“My work isn’t art for art's sake, it’s about life. I have no patience with obscure or unintelligible art - I want to be understood.” Frederick Hart has been described as America's greatest living representational artist. He has gone completely against the grain of the contemporary art world; substance and beauty are the chief criteria of his work.
Hart was born in Atlanta in 1943 while his father was serving in World War II. His mother died suddenly when Hart was three years old and he was subsequently cared for by his mother's family in rural South Carolina
during his early childhood years. He moved to Washington, D.C. when his father remarried in the early 1950's where he attended public school. At age sixteen, he was admitted as a philosophy major to the University of South Carolina.
Hart returned to Washington, D.C. with a desire to study art and attended the Corcoran College of Art and Design and American University where he studied painting and drawing. Later, after sculpting a bust of a girlfriend, he realized that sculpture provided a form of drawing that possessed weight, volume, presence and gravity.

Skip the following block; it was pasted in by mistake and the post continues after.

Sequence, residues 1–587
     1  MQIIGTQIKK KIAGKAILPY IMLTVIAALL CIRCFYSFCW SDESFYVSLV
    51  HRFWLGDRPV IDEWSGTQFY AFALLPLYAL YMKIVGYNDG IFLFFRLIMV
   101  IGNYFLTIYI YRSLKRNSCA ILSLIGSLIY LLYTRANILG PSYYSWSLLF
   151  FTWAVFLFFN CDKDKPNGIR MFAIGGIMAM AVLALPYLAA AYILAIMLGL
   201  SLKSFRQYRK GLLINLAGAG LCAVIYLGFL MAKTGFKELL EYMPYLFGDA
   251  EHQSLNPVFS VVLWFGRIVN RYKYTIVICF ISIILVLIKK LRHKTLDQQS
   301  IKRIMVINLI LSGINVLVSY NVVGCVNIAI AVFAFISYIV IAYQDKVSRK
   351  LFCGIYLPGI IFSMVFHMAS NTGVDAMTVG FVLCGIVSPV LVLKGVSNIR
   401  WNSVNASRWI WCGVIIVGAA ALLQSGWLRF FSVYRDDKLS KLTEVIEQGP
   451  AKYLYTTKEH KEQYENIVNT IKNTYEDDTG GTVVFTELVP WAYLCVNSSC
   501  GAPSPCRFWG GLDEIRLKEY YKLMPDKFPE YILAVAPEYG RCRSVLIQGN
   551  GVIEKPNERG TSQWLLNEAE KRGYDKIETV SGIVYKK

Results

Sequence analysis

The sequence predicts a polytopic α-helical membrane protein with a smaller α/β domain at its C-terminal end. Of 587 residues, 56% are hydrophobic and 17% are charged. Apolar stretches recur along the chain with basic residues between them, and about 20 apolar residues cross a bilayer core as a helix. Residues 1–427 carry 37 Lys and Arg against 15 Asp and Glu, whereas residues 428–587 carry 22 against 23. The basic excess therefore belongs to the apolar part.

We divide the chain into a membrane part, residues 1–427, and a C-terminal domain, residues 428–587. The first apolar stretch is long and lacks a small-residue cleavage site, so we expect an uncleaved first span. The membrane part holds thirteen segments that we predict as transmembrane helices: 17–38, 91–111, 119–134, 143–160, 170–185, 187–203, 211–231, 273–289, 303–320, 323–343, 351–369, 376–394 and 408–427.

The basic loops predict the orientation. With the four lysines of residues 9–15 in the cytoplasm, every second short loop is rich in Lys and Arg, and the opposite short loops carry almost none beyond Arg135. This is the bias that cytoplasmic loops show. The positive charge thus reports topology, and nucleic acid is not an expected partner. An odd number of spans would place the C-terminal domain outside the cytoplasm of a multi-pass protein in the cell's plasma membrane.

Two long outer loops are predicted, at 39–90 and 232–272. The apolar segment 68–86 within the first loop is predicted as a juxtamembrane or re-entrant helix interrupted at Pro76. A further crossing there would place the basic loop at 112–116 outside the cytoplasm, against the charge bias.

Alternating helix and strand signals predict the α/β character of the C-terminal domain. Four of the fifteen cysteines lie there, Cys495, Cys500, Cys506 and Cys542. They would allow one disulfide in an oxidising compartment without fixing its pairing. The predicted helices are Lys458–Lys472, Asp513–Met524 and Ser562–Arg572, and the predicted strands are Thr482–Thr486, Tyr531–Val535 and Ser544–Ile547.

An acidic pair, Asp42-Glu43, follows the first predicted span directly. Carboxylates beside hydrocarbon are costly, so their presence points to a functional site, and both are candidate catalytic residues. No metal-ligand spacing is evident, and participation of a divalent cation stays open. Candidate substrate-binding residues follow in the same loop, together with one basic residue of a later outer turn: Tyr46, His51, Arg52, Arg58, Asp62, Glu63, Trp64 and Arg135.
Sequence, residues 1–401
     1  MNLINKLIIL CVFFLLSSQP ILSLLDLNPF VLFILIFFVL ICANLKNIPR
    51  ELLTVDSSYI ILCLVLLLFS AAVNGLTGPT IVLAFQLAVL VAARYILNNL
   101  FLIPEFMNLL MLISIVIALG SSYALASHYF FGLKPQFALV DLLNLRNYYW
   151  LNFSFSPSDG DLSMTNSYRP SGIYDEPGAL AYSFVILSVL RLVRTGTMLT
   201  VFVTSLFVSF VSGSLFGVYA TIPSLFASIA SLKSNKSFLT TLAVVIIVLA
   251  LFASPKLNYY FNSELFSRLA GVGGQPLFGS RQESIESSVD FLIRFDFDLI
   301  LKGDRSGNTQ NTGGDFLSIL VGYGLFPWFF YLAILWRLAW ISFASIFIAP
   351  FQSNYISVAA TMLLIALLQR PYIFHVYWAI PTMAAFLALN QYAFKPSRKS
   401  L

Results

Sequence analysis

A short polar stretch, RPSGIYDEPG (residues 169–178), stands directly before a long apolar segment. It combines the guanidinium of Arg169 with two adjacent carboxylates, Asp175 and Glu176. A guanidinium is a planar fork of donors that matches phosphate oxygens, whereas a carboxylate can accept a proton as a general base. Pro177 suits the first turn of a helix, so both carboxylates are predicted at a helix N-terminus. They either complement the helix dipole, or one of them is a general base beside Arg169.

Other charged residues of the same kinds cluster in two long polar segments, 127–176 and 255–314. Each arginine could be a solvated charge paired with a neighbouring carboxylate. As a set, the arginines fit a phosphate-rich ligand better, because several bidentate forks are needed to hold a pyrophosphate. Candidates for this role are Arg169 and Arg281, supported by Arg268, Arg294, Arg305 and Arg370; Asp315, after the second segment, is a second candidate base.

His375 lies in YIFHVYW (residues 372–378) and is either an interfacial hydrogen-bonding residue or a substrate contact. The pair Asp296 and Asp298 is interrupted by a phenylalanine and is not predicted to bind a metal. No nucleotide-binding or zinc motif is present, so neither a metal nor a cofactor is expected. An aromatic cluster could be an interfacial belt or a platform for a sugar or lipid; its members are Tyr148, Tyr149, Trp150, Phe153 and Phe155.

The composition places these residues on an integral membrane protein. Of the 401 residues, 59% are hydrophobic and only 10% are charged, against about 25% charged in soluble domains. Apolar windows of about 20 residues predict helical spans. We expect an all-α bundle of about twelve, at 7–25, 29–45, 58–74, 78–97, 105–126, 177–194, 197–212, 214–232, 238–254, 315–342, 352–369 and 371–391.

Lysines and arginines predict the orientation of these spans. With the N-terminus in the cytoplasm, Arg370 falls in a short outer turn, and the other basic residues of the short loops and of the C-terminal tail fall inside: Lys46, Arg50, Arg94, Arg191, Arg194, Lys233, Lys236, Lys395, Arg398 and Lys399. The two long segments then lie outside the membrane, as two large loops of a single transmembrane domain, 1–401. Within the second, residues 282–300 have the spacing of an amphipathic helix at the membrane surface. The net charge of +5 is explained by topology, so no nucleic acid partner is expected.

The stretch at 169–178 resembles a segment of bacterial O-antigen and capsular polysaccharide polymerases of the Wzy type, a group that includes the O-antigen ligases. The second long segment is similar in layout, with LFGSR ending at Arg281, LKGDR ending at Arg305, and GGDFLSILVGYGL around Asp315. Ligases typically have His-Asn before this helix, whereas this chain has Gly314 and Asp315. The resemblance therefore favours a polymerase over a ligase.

As his interest in sculpture began to flourish, Hart became an apprentice stone carver at the National Cathedral in Washington, D.C. working on gargoyles. In 1971, while Hart was still working on the stone of the cathedral, an international competition was announced to find a sculptor for the cathedral's west facade. After three years of work and at the age of thirty-one, Hart was commissioned to create The Creation which has been described as ''the most monumental commission for religious sculpture in the United States in the twentieth century.'' Hart converted to Catholicism late in life.
It has been said that Hart was the greatest figurative sculptor since Daniel Chester French. ''He not only created works of great beauty and gravitas, he was singularly responsible for restoring to American public monuments and memorials an iconology worthy of a great nation.''
Hart's relationship with the art establishment was mixed. During most of his lifetime, the ''mainstream art world'' was dominated by non-traditional movements such as Pop art; figurative sculpture was out of fashion and Hart's heroic and religious style was out of step with the art magazines and museum curators of the times. Hart never had a major museum show or retrospective during his lifetime.
Despite this, his acrylic sculptures (generally cast in limited editions of several hundred and selling for around US$ 3000) were very successful in commercial art galleries, earning him a steady and significant income. Due to his widespread popular appeal and successful public works, by the end of his lifetime Hart was rapidly gaining in recognition and his bronzes (as of 2006) sell for several hundred thousand dollars.